I did this for the Honus Wagner Sporting Goods Company. Charles
Something else I have been playing around with. Here’s King Kelly, well-known as the “10 Thousand Dollar Man”. Let me know if you would like to see a series like this, please. Charles
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The Athletics took the series four games to one. Charles
This will be another art card in our series of Western subjects. Charles
In a recent post we looked at the late Jim Rowe of Chicago and how his real photo postcards really invigorated autograph collectors back in the latter 1960’s through perhaps the mid 1980’s. Today we’ll take a quick look at the basic process that was used to make real photo postcards back in the 1910 era. Most of the equipment pictured here can be reliably dated to 1918 or prior.
Real photo postcards were not difficult to make once the maker got the hang of it. The equipment needed was minimal: a photo negative, a contact print frame, blank postcards that have been chemically treated, a few readily available solutions and a couple rinse pans. It was a perfect small business and could be done at home. The 1918 package of blank postcards on the right even brag that the postcards “can be developed by gaslight”.
With the advent of blank postcards becoming available in 1903, the actual process became straightforward. A photo negative and blank postcard were sandwiched within a contact frame and locked down (there were no opportunities for enlargement; the print would always be the same size as the negative). A light source was briefly engaged, transferring the ghost image to the postcard. A little experience was needed to gauge the length of the exposure. The postcard, with the inherent ghost image, was then quickly rinsed through a series of four baths and voila! Your postcard was ready for sale. Charles.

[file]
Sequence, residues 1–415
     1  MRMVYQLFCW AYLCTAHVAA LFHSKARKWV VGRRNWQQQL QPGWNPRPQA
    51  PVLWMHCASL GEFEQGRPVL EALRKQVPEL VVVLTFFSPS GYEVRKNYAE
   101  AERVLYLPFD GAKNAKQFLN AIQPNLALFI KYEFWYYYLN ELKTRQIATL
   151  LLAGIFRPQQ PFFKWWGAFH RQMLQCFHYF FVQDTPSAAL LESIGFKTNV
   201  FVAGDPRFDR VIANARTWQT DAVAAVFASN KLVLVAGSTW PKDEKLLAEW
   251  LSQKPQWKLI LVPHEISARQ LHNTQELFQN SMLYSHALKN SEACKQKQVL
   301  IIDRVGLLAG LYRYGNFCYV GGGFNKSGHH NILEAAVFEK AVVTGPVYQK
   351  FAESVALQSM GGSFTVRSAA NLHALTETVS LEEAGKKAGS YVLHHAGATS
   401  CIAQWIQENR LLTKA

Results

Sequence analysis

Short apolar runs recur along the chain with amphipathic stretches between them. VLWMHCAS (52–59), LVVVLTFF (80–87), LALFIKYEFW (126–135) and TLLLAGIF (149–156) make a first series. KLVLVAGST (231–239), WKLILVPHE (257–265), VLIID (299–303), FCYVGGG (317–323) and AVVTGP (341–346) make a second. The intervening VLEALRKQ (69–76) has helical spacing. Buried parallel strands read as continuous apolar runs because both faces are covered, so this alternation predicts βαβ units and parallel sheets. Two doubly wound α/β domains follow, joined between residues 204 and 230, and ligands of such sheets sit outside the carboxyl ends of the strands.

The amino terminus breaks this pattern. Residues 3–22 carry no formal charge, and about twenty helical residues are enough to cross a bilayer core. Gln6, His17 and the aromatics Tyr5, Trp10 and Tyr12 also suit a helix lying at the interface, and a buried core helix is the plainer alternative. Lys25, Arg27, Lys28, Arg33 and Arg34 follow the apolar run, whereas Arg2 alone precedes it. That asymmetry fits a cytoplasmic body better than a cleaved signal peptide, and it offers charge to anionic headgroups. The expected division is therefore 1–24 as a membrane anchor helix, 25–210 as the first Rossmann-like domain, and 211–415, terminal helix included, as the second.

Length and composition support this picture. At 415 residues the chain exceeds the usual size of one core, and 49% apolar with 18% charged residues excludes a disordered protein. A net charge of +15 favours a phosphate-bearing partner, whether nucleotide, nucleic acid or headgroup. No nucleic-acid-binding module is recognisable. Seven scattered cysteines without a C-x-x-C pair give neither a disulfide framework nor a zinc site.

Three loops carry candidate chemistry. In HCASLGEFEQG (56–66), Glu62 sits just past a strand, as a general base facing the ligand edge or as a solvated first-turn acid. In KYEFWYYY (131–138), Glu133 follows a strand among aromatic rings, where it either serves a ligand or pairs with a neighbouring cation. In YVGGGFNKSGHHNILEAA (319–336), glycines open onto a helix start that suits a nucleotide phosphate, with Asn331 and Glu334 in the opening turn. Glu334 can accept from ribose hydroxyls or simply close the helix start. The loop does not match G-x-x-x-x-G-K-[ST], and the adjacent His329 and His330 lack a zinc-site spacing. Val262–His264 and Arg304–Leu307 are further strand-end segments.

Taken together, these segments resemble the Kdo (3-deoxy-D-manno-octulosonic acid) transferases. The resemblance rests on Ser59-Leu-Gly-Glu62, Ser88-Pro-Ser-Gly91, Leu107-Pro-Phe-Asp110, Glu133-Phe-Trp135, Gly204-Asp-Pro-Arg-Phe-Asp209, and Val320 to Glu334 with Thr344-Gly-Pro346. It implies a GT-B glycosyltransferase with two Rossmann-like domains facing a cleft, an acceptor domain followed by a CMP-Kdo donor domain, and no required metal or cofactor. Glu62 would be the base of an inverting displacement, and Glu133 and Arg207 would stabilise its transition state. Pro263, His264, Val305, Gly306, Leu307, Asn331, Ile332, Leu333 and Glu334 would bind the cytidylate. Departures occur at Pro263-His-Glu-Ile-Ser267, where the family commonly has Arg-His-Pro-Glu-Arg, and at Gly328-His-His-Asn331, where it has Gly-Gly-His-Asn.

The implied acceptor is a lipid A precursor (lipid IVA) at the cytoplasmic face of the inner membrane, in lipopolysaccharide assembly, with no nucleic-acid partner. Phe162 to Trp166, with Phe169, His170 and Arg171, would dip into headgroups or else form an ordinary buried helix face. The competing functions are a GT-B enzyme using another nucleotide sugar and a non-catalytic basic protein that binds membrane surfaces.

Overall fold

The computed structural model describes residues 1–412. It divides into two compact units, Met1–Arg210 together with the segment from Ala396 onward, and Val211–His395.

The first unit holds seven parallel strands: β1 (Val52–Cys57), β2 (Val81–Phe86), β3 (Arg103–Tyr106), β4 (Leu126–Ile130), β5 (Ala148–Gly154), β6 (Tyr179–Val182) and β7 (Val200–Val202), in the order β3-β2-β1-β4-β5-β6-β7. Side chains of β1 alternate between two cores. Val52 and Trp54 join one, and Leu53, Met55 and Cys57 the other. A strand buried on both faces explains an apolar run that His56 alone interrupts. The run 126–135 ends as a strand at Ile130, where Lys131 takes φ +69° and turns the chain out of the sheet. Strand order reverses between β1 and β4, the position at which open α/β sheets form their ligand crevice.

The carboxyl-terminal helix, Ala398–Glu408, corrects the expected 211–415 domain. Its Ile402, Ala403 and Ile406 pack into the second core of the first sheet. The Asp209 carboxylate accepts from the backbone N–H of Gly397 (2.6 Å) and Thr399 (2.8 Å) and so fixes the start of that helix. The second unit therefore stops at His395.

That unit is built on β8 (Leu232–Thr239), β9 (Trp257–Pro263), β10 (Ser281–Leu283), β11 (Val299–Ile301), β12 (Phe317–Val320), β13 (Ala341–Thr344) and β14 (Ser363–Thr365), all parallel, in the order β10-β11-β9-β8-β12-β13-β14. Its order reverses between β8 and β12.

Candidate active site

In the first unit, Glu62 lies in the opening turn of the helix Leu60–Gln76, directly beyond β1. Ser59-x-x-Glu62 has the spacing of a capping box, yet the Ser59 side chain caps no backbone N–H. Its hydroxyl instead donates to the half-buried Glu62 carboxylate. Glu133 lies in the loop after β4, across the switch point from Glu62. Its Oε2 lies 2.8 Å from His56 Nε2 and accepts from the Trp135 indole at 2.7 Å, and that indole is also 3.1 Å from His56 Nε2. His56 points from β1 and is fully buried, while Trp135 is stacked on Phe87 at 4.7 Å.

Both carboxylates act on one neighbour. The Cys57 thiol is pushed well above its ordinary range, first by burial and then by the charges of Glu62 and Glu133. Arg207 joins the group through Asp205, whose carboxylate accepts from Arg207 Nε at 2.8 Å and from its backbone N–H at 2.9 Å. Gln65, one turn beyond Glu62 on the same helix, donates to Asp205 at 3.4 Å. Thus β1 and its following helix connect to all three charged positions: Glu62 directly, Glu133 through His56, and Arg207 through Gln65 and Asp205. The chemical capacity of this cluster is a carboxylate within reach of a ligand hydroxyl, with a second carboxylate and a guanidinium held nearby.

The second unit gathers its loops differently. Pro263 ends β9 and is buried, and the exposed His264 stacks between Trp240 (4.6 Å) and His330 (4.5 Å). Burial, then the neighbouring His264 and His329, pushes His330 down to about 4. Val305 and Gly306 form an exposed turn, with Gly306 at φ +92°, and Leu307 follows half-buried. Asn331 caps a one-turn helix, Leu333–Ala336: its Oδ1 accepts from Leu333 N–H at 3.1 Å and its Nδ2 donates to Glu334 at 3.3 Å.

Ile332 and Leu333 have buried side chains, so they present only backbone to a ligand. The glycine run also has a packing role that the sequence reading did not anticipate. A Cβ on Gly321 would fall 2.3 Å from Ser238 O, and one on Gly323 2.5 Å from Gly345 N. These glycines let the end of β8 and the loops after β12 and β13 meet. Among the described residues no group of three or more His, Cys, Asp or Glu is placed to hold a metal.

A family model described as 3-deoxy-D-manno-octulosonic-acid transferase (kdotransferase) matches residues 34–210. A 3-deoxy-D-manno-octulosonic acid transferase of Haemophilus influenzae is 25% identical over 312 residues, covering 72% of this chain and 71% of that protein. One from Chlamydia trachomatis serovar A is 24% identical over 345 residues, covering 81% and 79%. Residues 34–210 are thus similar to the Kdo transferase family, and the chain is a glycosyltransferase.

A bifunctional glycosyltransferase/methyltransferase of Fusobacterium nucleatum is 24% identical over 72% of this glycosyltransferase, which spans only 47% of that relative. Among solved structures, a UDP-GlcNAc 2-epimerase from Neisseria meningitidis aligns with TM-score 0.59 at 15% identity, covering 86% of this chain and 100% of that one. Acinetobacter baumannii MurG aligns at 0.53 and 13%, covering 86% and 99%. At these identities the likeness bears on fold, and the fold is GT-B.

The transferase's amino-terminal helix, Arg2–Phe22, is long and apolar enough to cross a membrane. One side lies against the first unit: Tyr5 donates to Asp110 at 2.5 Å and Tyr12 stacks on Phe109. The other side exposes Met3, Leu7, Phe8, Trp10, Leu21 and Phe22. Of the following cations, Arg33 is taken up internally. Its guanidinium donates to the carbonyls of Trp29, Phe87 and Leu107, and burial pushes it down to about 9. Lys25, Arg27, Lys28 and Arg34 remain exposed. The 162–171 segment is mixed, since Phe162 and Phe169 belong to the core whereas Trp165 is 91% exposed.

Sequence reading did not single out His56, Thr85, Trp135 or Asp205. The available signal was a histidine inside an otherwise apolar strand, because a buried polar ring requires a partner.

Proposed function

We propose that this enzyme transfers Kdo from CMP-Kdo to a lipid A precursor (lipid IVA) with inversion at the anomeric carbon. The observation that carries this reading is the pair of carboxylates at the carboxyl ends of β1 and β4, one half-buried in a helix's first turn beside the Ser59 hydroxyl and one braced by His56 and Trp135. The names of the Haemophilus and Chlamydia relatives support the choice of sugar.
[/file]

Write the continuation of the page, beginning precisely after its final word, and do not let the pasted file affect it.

I first became entranced with Indian Mughal-style art about thirty years ago. It is easy to go a little crazy with these; at one time I had several hundred pieces. These days I have perhaps a dozen or so that I haven’t been able to give up and perhaps another dozen that I wonder why I ever bought in the first place.
It’s a long story but these stylized gouache paintings brought me back to baseball. At some point I realized that this method was perfectly suited to recreating the look of many early cards. Charles.
I have a number of 19th century images of Native Americans and Western personalities that we’ve colorized but not published yet. Originally the idea was to do small cabinets but I’m thinking of doing this instead. 6″ x 9″ and the finished piece would be a two-color linocut with the colorized photo printed on specialized paper.
Mostly I write about sports, of course, but once in a while it is nice to slip in something different. Below is a painting that I did a couple years ago on old manuscript paper. I like to paint on material like that, I don’t think many others do.